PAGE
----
Spicy Beef Curry
tablespoons vegetable oil
1/2 lb (250 g) beef sirloin, cut into thin
2 cups eggplant cubes
1 medium size unpeeled zucchini, sliced
1 fresh red pepper cut into thin strips
2 garlic cloves, minced or pressed
1 cup beef stock
1/2 cup coconut milk
1 teaspoon Thai red curry paste
1 tablespoon fresh basil, chopped
2 tablespoons fresh coriander, chopped
2 tablespoons lime juice
3 drops Tabasco sauce (or any hot pepper sauce)
Salt and ground white or black pepper to taste
Makes 4 servings.
- In a wok or large frying pan
heat 1 tablespoon vegetable
oil. Add beef and cook for about 2 minutes. With a slotted spoon remove
beef and set aside.
- Add remaining oil to the pan
and stir in vegetables and garlic.
Cook until slightly tender.
- In a medium size bowl mix
beef stock, basil, coconut milk
and Tabasco sauce. Set aside.
- Stir beef into the pan, add
coconut mixture, cover and simmer,
stirring occasionally for 15 to 20 minutes.
- Stir in lime juice and
coriander. Cook for 2 minutes and
Note: In Thai cuisine, curries are
meat, fish or vegetable dishes in a spiced sauce. They use local
ingredients such as chili peppers, Kaffir lime leaves, lemon grass,
Galangal and coconut milk, and tend to be more aromatic than Indian
curries as a result. Curries are often described by colour; red curries
use red chilis while green curries use green chilis. Yellow curries are
more similar to Indian curries, with their use of turmeric and cumin.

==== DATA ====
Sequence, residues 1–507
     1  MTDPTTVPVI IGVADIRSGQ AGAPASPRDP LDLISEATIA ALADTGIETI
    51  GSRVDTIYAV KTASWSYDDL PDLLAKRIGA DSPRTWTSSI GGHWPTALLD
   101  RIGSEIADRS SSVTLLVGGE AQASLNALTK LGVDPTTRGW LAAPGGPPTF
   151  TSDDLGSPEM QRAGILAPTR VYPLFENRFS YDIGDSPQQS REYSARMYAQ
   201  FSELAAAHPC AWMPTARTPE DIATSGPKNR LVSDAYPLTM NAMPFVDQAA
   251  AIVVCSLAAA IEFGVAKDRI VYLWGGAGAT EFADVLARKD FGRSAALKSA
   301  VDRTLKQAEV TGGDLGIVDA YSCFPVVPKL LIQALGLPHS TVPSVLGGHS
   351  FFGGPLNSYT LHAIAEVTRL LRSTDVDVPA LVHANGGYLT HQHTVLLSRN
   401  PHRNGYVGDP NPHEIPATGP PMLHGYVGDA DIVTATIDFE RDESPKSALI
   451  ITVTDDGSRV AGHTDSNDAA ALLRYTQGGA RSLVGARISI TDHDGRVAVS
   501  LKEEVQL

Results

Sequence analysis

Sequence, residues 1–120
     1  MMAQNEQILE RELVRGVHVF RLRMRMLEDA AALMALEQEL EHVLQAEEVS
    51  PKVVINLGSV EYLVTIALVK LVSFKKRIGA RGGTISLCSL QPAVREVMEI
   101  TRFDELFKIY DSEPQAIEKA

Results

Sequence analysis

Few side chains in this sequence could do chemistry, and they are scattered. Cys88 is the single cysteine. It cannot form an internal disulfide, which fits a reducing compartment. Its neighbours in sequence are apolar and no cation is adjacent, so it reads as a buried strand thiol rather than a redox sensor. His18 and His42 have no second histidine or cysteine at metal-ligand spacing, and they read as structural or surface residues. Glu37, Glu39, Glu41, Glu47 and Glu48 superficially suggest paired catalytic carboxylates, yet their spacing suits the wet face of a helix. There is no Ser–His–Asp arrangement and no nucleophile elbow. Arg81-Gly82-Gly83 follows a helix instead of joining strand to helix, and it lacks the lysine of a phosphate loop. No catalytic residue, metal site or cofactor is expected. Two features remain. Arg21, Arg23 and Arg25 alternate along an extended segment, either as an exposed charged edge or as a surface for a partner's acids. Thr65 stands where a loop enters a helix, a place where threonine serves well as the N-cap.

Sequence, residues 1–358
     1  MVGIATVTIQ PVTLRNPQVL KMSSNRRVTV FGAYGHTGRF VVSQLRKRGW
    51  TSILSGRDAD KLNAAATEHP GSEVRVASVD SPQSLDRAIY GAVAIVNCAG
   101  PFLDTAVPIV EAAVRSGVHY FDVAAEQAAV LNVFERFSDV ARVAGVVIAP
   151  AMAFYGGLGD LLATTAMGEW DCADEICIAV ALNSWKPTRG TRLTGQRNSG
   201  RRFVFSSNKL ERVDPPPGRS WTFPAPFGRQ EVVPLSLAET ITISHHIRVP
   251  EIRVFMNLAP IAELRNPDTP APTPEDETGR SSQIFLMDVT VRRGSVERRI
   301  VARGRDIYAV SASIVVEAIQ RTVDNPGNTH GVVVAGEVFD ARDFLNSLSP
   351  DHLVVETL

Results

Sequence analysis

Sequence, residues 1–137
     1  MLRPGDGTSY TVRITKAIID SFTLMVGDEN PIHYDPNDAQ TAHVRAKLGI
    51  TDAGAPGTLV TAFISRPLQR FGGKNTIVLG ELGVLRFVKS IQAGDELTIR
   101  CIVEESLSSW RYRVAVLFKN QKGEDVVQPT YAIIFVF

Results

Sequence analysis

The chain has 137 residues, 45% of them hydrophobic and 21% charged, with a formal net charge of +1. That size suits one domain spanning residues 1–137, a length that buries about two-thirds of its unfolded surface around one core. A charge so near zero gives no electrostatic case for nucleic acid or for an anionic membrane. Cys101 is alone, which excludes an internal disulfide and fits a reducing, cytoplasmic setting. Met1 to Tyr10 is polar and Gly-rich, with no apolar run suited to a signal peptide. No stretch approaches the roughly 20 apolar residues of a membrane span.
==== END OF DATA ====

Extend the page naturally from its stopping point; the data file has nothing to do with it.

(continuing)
Yellow curries in Thailand usually don't contain potatoes except in
southern style cooking, however, Thai restaurants abroad usually have
them. Yellow curry is also called gaeng curry (by various spellings),
of which a word-for-word translation would be "soup curry" or "curry
curry". Some dishes have curry powder added.
|Did You Know?
is a generic description used throughout European culture to describe a
general variety of spiced dishes, best known in South Asian cuisines,
especially Indian cuisine. Although there is no one specific attribute
that marks a dish as "curry", some distinctive spices used in many
curry dishes include turmeric, cumin, coriander, fenugreek, and red
pepper. The word curry is an anglicised version of the Tamil word khari
which is usually understood to mean "gravy" or "sauce" rather than
"spices". In Urdu, an official language of Pakistan and North India,
curry is usually referred to as saalan. In most South Indian cuisines,
a curry is considered a side-dish, which can be eaten along with a main
dish like rice or bread.
Curry's popularity in recent decades has spread outward from the Indian
subcontinent to figure prominently in international cuisine.
Consequently, each culture has adopted spices in its indigenous cooking
to suit its own unique tastes and cultural sensibilities. Curry can
therefore be called a pan-Asian or global phenomenon with immense
popularity in Thai, British, and Japanese cuisines.
In British cuisine, the word "curry" is primarily used to denote a
sauce-based dish flavoured with curry powder or a paste made from the
powder and oils. However, the use of fresh spices such as ginger and
garlic, and preparation of an initial masala from freshly ground dried
spices are sometimes used.